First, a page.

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From the History Books Ammo

8 Most Important Developments in Shooting History

by Garry James   |  November 21st, 2011 22

Once again, the blogmeisters have given me the thankless task of coming up with a number (this time, eight) of things to pique your interest, vis-à-vis guns and shooting.

Here we are going to talk about some factors that had major influences in the field. Of course, there about ten gazillion things that could be considered, so please feel free to step in with your thoughts. Here are mine. Please excuse if some are painted with rather broad strokes, but we only have so much space and individual books can — and have been — written on them all.

Picture 1 of 8


Without gunpowder, of course, there would have been no guns -- unless you consider airguns, which certainly came on the scene early, but did have their limitations. Anyway, from the early serpentine to corned powders, through the various smokeless types, this is certainly the single most important development in firearms.

  • A McCann

    One thing I have always been interested in which I have never read about is. In the early days of gunsmiths or gun making, before the industrial age and machines were common. How did gun makers achieve rifling?

    • S Madsen

      Look in the "Foxfire" books. About half of Vol 5 is devoted to frontier gunmaking. There is an excellent explanation of how the old gunsmiths rifled barrels

  • kylelds

    I thought for sure John Moses Browning would have been listed here. I don't know, maybe he's not a "development".

  • JeReese

    Other item miss was the trigger, without trigger, hammer, and springs the gun would be hard to fire. The metal working improved over the years the trigger was refine into art. All other items listed would not work if trigger was not working.

  • OldSgt

    My Great-Great Grandfather & Great Grandfather both served in Company H, 7th Illinois Infantry. Although they are not in this picture, this is Co. H's picture, with their Henry Rifles.

  • M. Yuan

    So where's the illustration of the Chinese guy? We had gunpowder long before the European middle ages!

    • Garry James

      You find it and I'll print it. Besides, I have it on good authority that Roger Bacon was a quarter Chinese, twice removed, on his mother's side.

    • Dennis G.

      Yes – it may have originated in India. Seems like I recall reading that Alexander The Great encountered something approximating cannon fire.

      • Garry James

        Well, there were various incendiaries going back a considerable number of years, most notably "Greek Fire"." The exact formula of has been lost, but it probably involved a mixture of several substances such as sulfur, pitch and resin, using naptha as a base.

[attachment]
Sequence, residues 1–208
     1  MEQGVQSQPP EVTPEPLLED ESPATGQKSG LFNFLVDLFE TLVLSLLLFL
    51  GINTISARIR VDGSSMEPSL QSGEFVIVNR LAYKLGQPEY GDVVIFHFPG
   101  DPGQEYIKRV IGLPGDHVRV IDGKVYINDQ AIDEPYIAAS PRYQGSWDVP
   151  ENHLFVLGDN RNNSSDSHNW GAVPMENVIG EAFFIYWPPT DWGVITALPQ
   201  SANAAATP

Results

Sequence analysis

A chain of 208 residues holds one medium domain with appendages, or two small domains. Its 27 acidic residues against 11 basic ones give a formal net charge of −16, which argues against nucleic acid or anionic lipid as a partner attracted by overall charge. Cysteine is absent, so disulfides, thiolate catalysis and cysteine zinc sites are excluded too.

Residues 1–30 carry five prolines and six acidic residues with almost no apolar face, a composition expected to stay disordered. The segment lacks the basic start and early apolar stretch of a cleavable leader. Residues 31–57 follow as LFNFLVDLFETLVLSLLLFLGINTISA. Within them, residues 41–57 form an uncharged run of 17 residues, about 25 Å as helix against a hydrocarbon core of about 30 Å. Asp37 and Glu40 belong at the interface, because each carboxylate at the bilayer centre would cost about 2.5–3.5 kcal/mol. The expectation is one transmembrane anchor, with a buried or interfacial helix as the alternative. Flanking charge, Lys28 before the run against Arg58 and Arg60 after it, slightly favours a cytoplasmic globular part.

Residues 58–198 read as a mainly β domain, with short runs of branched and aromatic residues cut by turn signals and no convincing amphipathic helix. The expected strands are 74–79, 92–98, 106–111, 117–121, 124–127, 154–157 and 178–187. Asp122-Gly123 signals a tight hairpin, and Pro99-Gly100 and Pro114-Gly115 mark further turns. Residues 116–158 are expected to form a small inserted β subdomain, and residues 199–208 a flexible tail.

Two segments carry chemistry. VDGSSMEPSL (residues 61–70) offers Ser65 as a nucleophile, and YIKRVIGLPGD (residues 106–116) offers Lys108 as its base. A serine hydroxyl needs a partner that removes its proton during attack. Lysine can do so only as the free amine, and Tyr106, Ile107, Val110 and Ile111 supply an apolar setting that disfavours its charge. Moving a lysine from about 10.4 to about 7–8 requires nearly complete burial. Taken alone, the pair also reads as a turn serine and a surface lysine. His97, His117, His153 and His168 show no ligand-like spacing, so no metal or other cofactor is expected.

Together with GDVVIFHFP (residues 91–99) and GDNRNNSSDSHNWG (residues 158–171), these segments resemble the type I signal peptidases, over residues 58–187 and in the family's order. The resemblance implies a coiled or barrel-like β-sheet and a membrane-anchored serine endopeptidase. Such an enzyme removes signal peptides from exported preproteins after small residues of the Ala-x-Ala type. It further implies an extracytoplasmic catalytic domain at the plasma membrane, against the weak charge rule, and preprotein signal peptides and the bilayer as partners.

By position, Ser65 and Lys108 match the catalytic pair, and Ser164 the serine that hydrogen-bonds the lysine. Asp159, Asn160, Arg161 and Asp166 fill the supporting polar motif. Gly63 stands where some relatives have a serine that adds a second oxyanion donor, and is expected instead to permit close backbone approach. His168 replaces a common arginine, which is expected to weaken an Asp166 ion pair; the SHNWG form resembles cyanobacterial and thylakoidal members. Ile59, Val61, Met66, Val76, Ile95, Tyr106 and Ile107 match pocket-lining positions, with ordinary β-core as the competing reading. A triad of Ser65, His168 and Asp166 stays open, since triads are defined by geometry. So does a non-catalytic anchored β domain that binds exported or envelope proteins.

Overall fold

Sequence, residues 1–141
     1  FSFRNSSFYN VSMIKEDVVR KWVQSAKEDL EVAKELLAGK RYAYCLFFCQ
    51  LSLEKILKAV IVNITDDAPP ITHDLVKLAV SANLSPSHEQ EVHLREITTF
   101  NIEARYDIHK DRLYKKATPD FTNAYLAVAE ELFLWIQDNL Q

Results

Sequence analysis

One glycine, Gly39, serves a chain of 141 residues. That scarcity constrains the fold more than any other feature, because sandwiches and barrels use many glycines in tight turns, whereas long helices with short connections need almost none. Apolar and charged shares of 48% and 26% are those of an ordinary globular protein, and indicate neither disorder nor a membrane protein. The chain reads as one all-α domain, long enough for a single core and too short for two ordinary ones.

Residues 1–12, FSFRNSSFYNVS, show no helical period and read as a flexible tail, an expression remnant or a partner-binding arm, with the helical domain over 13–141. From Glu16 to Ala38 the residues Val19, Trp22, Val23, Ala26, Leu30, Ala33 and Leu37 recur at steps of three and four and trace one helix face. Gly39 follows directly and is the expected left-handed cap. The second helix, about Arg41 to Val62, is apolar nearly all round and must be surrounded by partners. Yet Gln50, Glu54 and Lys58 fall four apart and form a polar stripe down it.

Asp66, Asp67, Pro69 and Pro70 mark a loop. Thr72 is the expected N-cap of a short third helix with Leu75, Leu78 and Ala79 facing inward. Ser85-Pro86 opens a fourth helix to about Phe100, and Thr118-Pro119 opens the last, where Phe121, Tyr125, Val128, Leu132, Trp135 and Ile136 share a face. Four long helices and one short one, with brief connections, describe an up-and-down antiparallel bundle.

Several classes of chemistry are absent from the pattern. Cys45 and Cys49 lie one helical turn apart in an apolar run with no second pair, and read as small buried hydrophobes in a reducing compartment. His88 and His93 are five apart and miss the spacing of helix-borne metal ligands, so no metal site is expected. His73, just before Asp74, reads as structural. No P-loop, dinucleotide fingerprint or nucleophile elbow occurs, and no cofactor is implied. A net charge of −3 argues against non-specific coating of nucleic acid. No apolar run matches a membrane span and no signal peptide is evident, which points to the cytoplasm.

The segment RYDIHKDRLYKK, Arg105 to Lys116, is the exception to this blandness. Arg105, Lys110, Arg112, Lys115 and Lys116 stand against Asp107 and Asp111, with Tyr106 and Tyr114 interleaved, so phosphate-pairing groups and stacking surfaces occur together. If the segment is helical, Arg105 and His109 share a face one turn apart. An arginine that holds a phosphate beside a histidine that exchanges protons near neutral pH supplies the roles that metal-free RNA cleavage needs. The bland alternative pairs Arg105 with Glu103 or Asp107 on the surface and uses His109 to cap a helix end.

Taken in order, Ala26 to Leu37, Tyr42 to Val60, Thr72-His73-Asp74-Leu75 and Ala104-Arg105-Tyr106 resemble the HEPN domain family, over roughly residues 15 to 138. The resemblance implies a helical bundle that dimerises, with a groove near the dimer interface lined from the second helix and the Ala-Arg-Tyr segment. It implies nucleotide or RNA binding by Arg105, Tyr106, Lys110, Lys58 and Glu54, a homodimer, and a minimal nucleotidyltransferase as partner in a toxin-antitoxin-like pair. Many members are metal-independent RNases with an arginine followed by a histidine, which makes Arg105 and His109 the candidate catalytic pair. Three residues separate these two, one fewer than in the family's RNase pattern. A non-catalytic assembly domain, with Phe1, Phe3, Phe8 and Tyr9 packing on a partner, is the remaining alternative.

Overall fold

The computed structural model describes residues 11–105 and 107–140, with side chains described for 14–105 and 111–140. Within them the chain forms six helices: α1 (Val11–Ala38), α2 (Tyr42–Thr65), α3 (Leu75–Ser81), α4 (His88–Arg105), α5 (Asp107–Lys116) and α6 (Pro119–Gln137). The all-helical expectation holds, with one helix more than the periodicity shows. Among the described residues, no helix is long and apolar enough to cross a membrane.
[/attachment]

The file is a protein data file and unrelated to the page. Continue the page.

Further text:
• Garry James

      Sorry, forgot to note…if you'll read the intro, I don't believe I was Eurocentric in my (very) brief description of the development of gunpowder–it's just that I've not run across a 9th century Chinese picture of someone working with the stuff. There are also those who believe that India or Persia has an equal claim with China, especially as the former had large natural supplies of saltpeter available–one of the reasons the Brits were so interested in the sub-continent.

  • LRand

    Garry, you wrote this as if you never heard of "shotguns"! Two more to consider:

    1. Development of plastics. Without them we wouldn't have plastic wads and hulls as well as the basis for polymer handguns.

    2. Chokes. They extended the range of scattergun effectiveness from feet to 60-70 yards.

    • tomaustin

      why don't all you other experts write your own articles and submit for publication………….

  • Dennis G

    Good article!

  • tanstaafl2

    Smokeless powder my good man! Smokeless!

  • Garry James

    Perhaps you should read the blog as well as the comments. Smokeless powder was mentioned in the "Gunpowder" entry.

    • Sam

      Great article. I think there is a lot here not all known by many shooters/collectors. I was hired as a rangemaster at 18 years of age and in 40 years, I never realized the origin of the word barrel included staves and bindings. Just attached it to the fact that early mortar types had the shape of an open barrel. By the way, the guy in the lithograph, or whatever it is, sorta looks a bit Chinese to me.

      • Garry James

        Actually it's an apocryphal engraving of Berthold Schwartz, a Franciscan monk who supposedly invented gunpowder. The difficulty is, he probably never existed and powder had been in use well prior to the 14th century in which he purportedly lived. Still, it's an evocative picture.

  • Jeff

    Thanks Garry! I am always intrigued by the relationship of human history and particular events with firearms and their evolution.

  • Don

    Couldn't argue with any of those developments.

    • Kyle

      Agreed. all these other nutjobs are nit-picking. Keep up the good work Garry.

  • Mack Missiletoe

    Cool blog. The first thing I thought of was Rifling. It's amazing how far we've come. Not like I can make a 1moa hunting rifle in my garage… haha I don't even have a garage :O

  • RLS87

    I believed you missed the single most important development (well for the American Shooter) The Second Amendment

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